POLICY:

Conflicts over climate issues derail Senate EPA budget hearings

The first Senate hearing considering U.S. EPA's proposed 2012 budget quickly veered off course into skirmishes over the status of climate science and language passed in the House continuing resolution two weeks ago which prevented EPA from implementing greenhouse gas regulations, underscoring the challenges in budget discussions ahead.

Republican Sens. James Inhofe (Okla.) and John Barrasso (Wyo.) walked Environment and Public Works Committee members down memory lane yesterday to point out media accounts in the 1970s that emphasized beliefs in so-called "global cooling" and to suggest that belief in climate science might be similarly upended.

"If we had committed the same amount of taxpayer resources and government manpower that the administration wants us to commit to prevent global warming to prevent global cooling, we would not be the most prosperous nation on earth," Barrasso said. "Advances in science and health care, diseases cured, children's lives saved would not be the reality we would have over those years. Millions of jobs would have needlessly been lost."

His comments put Democratic senators on the offensive, who said that such media accounts did not reflect the belief of mainstream scientists at the time. Debates on the science of climate change and its potential public health threats dominated a significant portion of yesterday's hearing.

In one of the few comments that did touch on the proposed fiscal 2012 budget, Inhofe called for a red pen to be taken to the budget in order to slash climate funding. As it stands now, the budget request is a "fiscal bait and switch" he said, saying the 13 percent in cuts as compared to the $10.3 billion fiscal 2010 level would not make it through Congress because they were mostly from clean water programs with bipartisan support.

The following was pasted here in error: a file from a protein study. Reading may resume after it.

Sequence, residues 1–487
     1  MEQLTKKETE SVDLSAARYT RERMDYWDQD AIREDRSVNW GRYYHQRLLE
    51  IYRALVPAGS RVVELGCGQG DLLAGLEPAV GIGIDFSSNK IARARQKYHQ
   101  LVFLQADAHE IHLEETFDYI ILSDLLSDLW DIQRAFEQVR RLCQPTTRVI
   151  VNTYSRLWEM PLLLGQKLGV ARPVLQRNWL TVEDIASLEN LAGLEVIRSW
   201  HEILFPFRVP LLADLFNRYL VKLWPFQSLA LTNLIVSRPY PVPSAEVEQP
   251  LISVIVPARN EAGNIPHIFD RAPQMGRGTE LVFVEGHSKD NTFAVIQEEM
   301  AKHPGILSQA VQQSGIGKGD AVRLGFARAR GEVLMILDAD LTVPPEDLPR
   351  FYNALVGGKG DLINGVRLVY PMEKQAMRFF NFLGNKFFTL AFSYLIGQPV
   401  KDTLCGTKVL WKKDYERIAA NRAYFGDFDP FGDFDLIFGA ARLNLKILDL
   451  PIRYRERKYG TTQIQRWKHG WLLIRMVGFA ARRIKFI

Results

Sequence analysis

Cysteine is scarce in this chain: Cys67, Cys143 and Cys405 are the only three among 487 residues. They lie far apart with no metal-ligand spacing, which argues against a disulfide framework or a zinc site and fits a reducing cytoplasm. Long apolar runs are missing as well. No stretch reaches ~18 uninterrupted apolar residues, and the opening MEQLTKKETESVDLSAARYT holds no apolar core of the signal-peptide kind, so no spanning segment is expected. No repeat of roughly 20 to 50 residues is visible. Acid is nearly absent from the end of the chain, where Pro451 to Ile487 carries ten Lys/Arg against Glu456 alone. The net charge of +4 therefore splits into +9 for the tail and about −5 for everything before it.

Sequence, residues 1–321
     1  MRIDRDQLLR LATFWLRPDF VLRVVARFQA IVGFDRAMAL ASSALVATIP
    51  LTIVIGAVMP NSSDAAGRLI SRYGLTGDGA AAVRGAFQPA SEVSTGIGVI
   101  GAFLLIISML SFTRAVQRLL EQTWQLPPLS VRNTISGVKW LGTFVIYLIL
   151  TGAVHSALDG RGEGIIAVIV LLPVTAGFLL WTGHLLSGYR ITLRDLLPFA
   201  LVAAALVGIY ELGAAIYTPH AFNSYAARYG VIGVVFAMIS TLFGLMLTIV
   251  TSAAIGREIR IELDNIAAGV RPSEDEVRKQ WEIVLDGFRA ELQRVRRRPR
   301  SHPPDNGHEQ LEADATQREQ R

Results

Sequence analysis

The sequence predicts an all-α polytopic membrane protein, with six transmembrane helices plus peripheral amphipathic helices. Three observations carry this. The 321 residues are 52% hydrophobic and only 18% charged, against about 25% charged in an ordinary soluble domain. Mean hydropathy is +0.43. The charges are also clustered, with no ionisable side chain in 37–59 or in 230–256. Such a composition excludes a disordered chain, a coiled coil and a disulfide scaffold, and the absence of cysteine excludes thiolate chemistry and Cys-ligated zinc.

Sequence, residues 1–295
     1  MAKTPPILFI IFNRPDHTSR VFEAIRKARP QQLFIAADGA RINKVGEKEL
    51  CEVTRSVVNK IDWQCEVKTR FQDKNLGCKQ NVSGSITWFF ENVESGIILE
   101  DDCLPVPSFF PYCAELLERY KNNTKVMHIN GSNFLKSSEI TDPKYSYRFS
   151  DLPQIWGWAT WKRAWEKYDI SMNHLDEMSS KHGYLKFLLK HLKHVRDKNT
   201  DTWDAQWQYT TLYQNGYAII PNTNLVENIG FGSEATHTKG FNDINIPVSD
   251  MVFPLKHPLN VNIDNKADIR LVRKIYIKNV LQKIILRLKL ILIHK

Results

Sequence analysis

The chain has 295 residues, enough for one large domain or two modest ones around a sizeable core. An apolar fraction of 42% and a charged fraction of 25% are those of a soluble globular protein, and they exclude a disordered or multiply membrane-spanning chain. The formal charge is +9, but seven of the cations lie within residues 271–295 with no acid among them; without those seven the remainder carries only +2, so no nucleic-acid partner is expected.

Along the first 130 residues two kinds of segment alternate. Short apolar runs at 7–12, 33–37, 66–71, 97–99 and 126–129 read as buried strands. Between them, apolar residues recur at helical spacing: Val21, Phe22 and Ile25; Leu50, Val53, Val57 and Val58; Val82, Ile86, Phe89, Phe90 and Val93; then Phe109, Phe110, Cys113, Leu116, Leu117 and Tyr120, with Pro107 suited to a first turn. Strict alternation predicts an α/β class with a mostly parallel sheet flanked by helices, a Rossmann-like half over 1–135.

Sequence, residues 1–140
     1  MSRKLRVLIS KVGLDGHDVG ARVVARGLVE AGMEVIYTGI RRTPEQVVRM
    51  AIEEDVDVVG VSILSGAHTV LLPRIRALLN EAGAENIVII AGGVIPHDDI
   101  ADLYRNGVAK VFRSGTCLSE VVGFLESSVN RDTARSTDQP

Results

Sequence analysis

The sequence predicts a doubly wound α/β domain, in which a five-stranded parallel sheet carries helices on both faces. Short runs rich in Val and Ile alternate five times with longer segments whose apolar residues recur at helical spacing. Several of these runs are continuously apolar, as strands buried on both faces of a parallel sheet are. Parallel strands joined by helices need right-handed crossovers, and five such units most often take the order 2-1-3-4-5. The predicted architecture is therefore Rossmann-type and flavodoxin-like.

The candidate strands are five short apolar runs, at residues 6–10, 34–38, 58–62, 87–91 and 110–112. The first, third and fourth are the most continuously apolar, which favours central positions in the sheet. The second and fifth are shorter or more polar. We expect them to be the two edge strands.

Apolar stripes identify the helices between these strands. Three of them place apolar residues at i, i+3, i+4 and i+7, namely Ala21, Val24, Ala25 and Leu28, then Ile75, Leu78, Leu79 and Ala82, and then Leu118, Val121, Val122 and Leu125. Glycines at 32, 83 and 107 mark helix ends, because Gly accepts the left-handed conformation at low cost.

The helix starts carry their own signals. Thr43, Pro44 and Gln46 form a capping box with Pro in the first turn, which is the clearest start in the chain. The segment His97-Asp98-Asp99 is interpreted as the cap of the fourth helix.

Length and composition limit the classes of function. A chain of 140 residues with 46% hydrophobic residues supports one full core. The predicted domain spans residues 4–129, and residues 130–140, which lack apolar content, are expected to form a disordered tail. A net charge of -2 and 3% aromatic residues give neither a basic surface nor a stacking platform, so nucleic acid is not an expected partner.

"We've seen this before going back to the Bush administration," he said. "EPA proposes significant cuts that appear fiscally responsible, but in truth they are cuts EPA knows Congress will readily restore." The budget would be better served by slashing EPA's climate financing, he said.

Inhofe and Barrasso have offered bills that would handcuff EPA's ability to implement greenhouse gas regulations. Similar legislation is also under consideration in the House.

Saving lives or saving money?

In the heated partisan back-and-forth that occurred yesterday, Sen. Mike Johanns (R-Neb.) told EPA Administrator Lisa Jackson, who was testifying on the budget, "Confidence is slipping away in what you are doing."

Chairwoman Barbara Boxer (D-Calif.) countered that by pointing to a recent poll from the American Lung Association that found more than three-fourths of voters support stricter limits on carbon dioxide (ClimateWire, Feb. 17). If Americans do not have such protections, she said, it will hamper public health.

"Wise enforcement includes reductions in collateral costs," such as hospital bills, Rhode Island Sen. Sheldon Whitehouse (D) agreed.

Jackson echoed the message. "I am accountable for ensuring we squeeze every drop of public health protection out of every dollar we get," she said, pointing out she is also responsible for considering where cuts could harm public health.

"If Congress slashed EPA's funding, concentrations of carbon pollution would increase ... the result would be more asthma attacks, more missed school and work days ... and more premature deaths," she said.

Commenting on yesterday's hearing, Sen. Benjamin Cardin (D-Md.) told ClimateWire, "It's hard to talk about the 2012 budget until you finish the '11 budget. We have such a radical approach taken by the House budget for the '11 budget that it will certainly dominate the discussions."

While he praised the 2012 budget overall, he called for boosted funding for the state revolving funds for water projects, which were slashed by 27 percent in the fiscal 2012 budget proposal. "I hope Senator Inhofe would join me; I am prepared to look for reductions elsewhere," he said.

Cutting funding to climate change programming, however, is not the answer, he said. "Those programs are critically important."

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